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Rescue works continue in Turkey and Syria but hopes to find more survivors fade

Rescuers in Turkey continue to pull out more people from under the rubble, however, five days after the country’s most devastating earthquake since 1939, hopes to find more survivors are beginning to fade.

In some regions, fewer rescue operations were visible amid the devastated buildings and apartment blocks, while ever more trucks passed through the streets carrying out debris.

Turkey-Syria Earthquake Update: The total death toll across the two countries has surpassed 23,000. Thousands remain unaccounted for in the ravaged areas. Take a look at this aerial view of Antakya,

— Steve Hanke (@steve_hanke) February 10, 2023

Meanwhile, the earthquake’s death toll keeps growing, already exceeding 25,250 across southern Turkey and northwest Syria.

Turkish President Recep Tayyip Erdoğan, facing questions over earthquake emergency planning and response times, said authorities should have reacted faster.

He promised that the government will start work on rebuilding cities “within weeks”. Erdoğan also issued stern warnings against any people involved in looting in the quake zone, as several residents and rescue workers said they had seen looting.

German and Austrian rescue workers pause work due to security risks

Two German aid organizations suspended rescue operations in quake-hit Turkey on Saturday, citing security problems and reports of clashes between groups of people, and gunfire.

They said that said they would resume their work as soon as the Turkish civil protection agency AFAD classifies the situation as safe.

Moreover, the Austrian Forces Disaster Relief Unit (AFDRU) also briefly suspended operations on Saturday. Resuming works after Defence Ministry spokesperson Michael Bauer stated that the Turkish army had taken over the protection of the AFDRU contingent.

Polish rescue team

Twelve people have been pulled alive from ruined buildings in Turkey by a Polish search and rescue team, a spokesman for Poland’s State Fire Service has said.

“After 21 hours of work in extreme conditions, Polish and Bulgarian rescuers have pulled out a 12th person from the rubble of a building in Besni!” he wrote on Twitter on Friday night.

🇵🇱🧑🏻‍🚒🇧🇬 Po 21 godzinach pracy, w ekstremalnych warunkach, polscy oraz bułgarscy ratownicy wydobyli 12 osobę spod gruzów budynku w Besni‼️Wielka radość, szacunek i duma 👏👍💪♥️ #MisjaTurcja 🇹🇷🇵🇱 📸 bryg. G. Borowiec, mł. bryg. J. Filip, mł. bryg. Tomasz Stankowski, asp. M. Szalc.

— Karol Kierzkowski (@Kierzkowski_PSP) February 10, 2023

The 76-strong team arrived in Turkey as one of the first international groups, on Tuesday morning, to help in rescue and relief operations.

Polish firefighters will remain in Turkey until February 16, as there is still a chance of rescuing earthquake survivors, the head of the Polish fire service said on Friday.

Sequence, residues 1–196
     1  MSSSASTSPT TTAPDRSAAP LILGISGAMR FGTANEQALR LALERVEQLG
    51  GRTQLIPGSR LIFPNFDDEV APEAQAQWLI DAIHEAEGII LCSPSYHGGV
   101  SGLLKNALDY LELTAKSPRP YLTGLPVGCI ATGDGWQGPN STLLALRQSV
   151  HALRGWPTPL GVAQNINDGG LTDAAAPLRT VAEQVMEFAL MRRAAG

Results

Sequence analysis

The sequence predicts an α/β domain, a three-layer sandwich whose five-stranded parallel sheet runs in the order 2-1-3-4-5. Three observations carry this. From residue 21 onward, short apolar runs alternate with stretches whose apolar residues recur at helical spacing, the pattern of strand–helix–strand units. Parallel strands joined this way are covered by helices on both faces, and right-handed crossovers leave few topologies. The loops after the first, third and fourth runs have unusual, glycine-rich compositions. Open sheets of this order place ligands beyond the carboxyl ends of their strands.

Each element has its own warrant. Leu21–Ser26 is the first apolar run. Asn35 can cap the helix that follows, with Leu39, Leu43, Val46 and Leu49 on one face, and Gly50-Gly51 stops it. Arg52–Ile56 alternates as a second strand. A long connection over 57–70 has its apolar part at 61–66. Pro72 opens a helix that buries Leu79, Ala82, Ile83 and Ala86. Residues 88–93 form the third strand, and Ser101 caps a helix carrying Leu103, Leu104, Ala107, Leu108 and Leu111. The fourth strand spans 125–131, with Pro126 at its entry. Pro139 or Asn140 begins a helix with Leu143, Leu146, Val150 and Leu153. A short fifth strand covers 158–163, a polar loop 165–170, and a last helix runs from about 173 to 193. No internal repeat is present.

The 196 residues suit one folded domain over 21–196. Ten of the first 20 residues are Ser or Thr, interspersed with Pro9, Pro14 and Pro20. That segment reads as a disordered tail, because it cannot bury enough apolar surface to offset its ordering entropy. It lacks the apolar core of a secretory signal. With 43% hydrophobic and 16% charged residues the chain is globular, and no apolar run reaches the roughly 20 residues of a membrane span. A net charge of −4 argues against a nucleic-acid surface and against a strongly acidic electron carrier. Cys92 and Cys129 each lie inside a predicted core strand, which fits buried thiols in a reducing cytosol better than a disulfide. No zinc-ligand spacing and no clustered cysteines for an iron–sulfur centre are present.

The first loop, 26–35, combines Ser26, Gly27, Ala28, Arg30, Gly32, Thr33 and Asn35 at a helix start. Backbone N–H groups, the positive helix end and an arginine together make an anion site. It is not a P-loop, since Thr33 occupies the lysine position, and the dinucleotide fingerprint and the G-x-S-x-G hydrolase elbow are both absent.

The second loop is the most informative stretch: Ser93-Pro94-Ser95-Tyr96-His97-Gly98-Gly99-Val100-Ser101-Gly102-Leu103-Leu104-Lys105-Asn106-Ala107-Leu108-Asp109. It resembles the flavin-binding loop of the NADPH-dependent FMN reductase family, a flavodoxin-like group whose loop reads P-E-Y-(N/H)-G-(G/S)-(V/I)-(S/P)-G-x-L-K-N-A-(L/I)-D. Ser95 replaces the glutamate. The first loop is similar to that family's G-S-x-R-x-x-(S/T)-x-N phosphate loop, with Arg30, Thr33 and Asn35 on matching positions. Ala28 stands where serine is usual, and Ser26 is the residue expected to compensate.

Relief efforts in Syria complicated due to civil war

In the rebel enclave of northwest Syria that suffered the country’s worst damage from the earthquake, relief efforts are complicated by the more than decade-old civil war. Very little aid had entered despite a pledge from Damascus to improve access.

🚨Syria: Before the devastating earthquakes this week, there were more than 6.8 million people already internally displaced in country.

”They have been hit the hardest,” UNHCR’s Representative to the country, Sivanka Dhanapala, said from Damascus.

— UNHCR, the UN Refugee Agency (@Refugees) February 11, 2023

In Antakya, body bags lay on city streets and residents were wearing masks to try to cover the smell of death. Ordinary people had joined the rescue effort, working without official coordination, one person who declined to give his name told Reuters.

“There is chaos, rubble, and bodies everywhere,” he said. His group had worked overnight trying to reach a university teacher calling to them from the rubble. But by morning she had stopped responding to them, he said.

More than 1,000,000 affected by the earthquake

About 80,000 people were being treated in hospital, while 1.05 million left homeless by the quakes were in temporary shelters, Turkish Vice President Fuat Oktay told reporters overnight.

Among the living, survivors feared disease, with basic infrastructure smashed.

If people don’t die here under the rubble, they’ll die from injuries, if not they will die from infection. There is no toilet here. It is a big problem,” Gizem, a rescue worker from the southeastern province of Sanliurfa said.

Death toll could more than double, said U.N. aid chief

In an interview with Sky News, U.N. aid chief Martin Griffiths, who described the earthquake as “the worst event in 100 years in this region”, praised Turkey’s emergency response, saying it was his experience that people in disaster zones were always disappointed early in relief efforts.

However, despite rescue operations, Griffiths said that “it is difficult to estimate precisely (the death toll) as we need to get under the rubble but I’m sure it will double or more.”

More than 25,000 people are known to have died in the disaster – but the UN's emergency relief co-ordinator, Martin Griffiths, tells Sky's Kay Burley he expects the death toll to more than double

Read more here:

— Sky News (@SkyNews) February 11, 2023

“We haven’t really begun to count the number of dead,” he added.

Investigation into irregularities in building construction

Questions are also starting to be asked about the soundness of buildings in the quake-hit zone.

State prosecutors in Kahramanmaras said they will investigate the collapse of buildings and any irregularities in their construction. Police detained a contractor who built a 12-story upmarket apartment block that collapsed in Hatay, as he waited to board a plane in Istanbul.

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